A vehicle passes the serious safety hazard test of the owner takes it to the manufacturer to repair a serious safety problem during the first 12 months of ownership or 12,000 miles driven, whichever comes first, and then once more during the 12 months or 12,000 miles following the first repair attempts without the problem being fixed. The Texas lemon law defines a “serious safety hazard” as any life-threatening malfunction that substantially impedes the driver’s ability to control or operate the vehicle normally, or that creates a substantial risk of fire or explosion.

If the vehicle’s manufacturer undergoes four repair attempts for the same problem without success, it passes the four times test.

If the vehicle has been in the shop for a defect-related repair for 30 days or more during the first two years or 24,000 miles driven without a comparable loaner vehicle offered, it passes the 30-day test.

For more information on arbitration and other frequently asked lemon law questions, click here.

The law specifies new vehicles because to be covered by lemon laws, it must still be covered by the manufacturer’s written warranty. Often, used vehicles are resold long after that warranty period expires. However, if your vehicle is used but warranty protection has yet to expire, you may have a valid claim. A qualified lemon law lawyer can look at your purchase and repair records and help you determine the best path forward.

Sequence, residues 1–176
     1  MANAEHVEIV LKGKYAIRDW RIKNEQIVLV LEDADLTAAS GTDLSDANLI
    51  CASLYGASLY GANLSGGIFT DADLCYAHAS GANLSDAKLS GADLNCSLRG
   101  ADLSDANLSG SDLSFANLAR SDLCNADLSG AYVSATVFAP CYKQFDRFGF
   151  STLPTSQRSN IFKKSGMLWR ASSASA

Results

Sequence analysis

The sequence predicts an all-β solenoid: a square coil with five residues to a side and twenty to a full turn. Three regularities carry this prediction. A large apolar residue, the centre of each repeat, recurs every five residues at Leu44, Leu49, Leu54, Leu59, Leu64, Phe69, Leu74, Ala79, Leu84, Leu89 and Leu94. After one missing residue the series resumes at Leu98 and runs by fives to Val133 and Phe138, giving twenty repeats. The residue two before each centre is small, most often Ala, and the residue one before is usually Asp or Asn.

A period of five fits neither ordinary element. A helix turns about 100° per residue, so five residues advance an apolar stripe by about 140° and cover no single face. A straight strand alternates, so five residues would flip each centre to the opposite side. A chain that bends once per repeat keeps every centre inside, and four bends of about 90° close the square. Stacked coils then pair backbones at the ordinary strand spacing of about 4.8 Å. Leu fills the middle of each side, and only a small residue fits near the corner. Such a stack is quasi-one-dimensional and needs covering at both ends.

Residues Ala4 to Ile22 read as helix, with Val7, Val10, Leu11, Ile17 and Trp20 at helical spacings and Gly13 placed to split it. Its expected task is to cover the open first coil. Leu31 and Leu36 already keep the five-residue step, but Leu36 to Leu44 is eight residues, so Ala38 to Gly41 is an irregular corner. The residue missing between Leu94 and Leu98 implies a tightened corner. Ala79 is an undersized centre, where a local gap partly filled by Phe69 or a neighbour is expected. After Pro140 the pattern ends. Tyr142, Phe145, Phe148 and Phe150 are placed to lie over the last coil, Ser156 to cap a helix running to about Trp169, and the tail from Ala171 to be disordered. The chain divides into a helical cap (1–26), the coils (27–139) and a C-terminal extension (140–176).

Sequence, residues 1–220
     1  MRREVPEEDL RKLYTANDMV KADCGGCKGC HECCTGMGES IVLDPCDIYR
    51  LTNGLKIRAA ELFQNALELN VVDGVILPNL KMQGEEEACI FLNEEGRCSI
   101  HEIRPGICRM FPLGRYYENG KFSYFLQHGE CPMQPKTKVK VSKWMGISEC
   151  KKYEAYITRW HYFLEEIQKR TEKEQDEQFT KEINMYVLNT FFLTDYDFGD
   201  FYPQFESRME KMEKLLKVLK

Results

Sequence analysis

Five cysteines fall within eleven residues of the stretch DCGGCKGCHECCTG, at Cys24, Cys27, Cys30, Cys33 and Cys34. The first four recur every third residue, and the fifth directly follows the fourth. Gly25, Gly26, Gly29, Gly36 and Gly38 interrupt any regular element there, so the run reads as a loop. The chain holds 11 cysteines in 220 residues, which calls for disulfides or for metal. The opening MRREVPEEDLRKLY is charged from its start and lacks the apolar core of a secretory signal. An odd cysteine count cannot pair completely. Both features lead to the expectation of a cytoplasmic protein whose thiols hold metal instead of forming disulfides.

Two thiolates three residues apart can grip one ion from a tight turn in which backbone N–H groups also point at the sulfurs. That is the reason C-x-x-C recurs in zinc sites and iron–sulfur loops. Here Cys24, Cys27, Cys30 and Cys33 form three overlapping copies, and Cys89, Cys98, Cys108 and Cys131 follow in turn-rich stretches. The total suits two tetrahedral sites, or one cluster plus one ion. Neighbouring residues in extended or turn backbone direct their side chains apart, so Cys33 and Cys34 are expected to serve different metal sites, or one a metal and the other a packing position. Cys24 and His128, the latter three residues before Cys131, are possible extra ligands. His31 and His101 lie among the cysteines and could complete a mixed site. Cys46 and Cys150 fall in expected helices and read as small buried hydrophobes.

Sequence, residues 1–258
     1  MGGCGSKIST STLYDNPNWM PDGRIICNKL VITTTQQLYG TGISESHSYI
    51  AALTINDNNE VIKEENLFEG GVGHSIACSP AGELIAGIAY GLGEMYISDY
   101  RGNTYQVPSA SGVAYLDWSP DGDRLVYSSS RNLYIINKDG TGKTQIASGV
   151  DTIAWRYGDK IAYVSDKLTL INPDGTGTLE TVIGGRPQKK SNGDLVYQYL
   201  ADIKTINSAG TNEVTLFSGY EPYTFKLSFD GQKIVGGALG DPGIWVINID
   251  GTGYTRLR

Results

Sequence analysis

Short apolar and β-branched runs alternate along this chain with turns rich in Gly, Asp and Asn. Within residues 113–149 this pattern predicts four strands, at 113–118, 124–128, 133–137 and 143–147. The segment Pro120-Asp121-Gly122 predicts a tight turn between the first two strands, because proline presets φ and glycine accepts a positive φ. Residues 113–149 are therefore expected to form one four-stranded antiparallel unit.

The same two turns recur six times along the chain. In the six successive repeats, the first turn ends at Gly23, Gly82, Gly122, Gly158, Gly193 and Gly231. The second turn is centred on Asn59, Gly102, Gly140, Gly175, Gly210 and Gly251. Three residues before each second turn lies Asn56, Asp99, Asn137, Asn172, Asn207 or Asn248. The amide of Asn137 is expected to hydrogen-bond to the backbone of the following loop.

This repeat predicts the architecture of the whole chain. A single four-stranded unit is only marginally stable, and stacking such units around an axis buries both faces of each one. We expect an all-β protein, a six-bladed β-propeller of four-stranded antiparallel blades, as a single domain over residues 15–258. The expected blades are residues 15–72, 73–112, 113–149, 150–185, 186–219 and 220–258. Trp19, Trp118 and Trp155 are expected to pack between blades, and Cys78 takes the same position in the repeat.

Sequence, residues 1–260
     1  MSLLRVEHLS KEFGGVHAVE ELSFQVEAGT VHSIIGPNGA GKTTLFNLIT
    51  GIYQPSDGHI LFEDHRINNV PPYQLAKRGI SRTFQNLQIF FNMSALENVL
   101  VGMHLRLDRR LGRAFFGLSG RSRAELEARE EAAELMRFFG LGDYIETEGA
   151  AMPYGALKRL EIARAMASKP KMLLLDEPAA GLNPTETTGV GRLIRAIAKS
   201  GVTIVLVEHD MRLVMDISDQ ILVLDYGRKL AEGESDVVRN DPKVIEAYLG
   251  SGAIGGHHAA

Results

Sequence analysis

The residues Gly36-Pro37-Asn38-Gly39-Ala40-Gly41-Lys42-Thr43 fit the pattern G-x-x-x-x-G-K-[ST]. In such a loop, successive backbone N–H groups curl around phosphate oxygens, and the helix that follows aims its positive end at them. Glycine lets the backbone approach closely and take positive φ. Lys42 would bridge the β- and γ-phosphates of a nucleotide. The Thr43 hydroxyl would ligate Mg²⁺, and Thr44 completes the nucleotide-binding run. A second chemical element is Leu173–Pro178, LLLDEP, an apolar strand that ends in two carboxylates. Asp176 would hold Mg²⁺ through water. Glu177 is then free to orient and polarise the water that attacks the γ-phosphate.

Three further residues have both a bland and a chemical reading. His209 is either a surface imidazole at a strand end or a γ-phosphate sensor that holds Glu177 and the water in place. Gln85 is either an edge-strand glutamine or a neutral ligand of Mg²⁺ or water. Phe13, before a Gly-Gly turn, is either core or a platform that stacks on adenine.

Hiring a lemon law attorney is the single best thing you can do when presented with a lemon vehicle. Lemon lawyers know in the ins and outs of lemon law across the country and know best how to navigate the various deadlines and pitfalls within the American legal system. Allen Stewart himself said he has never seen a self-represented plaintiff appear in court and succeed; often he said the judge advised them to seek professional counsel.

“Even the simplest things in the law can be complicated because if you miss the timeline, you could lose it all,” Stewart said. “If you file the wrong paperwork, it could set you back time and money, and you might lose the case.”

The lemon law attorneys of Allen Stewart P.C. have combined decades of experience standing up for consumer rights and will defend your rights both in and out of the courtroom. They have a proven track record of getting their clients the compensation they deserve by standing up to automotive manufacturers. When your car’s maker doesn’t stand behind their warranty, Allen Stewart P.C. can step in and make sure they do. Speed is essential in a lemon law case so the longer you wait to reach out, the harder it is to get the justice to which you are entitled. Don’t wait any longer, contact Allen Stewart P.C. today.

This information brought to you by Allen Stewart P.C.